Kieser et al. found no structural or functional abnormalities at birth among new-borns of either TFL treated women or in women whose male partners were treated with TFL. It is not mentioned if abnormalities appearing after birth were considered. Vukusic et al. reported one fetal death ≥20 weeks of gestation, and three structural abnormalities, but without comparison of the results to any reference group or general population. Both previous studies conclude no evidence of teratogenic signals in TFL-treated women or in females whose male partners were treated with TFL.

A strength of this study is the use of nationwide population-based data, although the small sample size is a limitation in terms of generalizations or absolute recommendations. The incidence of spontaneous abortion, pre-term delivery, or congenital malformation in female partners of TFL-treated men and TFL-treated women is no different than that of the general Danish population. A possible limitation of this study is the unknown age of the female partners of the men treated with TFL.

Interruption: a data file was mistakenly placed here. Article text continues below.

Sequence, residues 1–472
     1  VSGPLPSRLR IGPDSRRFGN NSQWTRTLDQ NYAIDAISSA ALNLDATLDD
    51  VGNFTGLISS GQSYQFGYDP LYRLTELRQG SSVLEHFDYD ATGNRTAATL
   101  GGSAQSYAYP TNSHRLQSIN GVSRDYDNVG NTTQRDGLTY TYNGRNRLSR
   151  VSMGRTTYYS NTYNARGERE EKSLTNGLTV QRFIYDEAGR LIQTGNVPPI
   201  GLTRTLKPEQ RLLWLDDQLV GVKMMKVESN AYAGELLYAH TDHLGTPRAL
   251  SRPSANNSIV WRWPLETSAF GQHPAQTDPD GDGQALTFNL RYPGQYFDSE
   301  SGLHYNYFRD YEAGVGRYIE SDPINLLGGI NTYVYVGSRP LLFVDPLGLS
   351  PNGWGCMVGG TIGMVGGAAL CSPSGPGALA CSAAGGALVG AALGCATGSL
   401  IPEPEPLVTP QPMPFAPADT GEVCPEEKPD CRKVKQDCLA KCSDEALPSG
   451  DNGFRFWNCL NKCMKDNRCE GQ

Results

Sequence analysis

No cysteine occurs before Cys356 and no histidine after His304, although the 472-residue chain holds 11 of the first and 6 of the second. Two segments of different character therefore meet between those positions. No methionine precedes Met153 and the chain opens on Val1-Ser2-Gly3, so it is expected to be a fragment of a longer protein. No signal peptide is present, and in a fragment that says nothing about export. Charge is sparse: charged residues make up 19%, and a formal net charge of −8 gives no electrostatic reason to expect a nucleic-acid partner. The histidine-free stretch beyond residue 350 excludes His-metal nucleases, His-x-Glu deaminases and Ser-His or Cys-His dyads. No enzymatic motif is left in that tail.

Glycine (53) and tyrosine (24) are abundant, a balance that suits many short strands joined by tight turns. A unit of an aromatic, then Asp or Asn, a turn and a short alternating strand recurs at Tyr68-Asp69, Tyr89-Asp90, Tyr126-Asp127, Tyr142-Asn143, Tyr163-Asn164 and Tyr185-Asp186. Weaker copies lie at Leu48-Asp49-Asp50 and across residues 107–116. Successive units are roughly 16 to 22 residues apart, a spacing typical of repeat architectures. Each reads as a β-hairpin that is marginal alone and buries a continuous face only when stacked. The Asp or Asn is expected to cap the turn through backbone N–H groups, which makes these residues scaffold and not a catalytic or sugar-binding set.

Conclusion

The post-marketing analyses of this report, based on nationwide register-based data from the availability of TFL in Denmark until 1st of January 2017 do not indicate teratogenicity due to TFL in pregnancy or pregnancy-related outcomes. This is in line with the known outcomes from both clinical trials and post-marketing studies.

Further analyses of available pregnancy data with TFL are warranted to better quantify the risk associated with TFL exposure in pregnancy before concluding against teratogenicity.

Data Availability Statement

The raw datasets used for this study have been obtained from a third party, the Danish Data Protection agency, based upon written approval of the study protocol. Request to access the datasets will require an individual inquiry to the Danish Data Protection agency for approval based on the Danish legislation.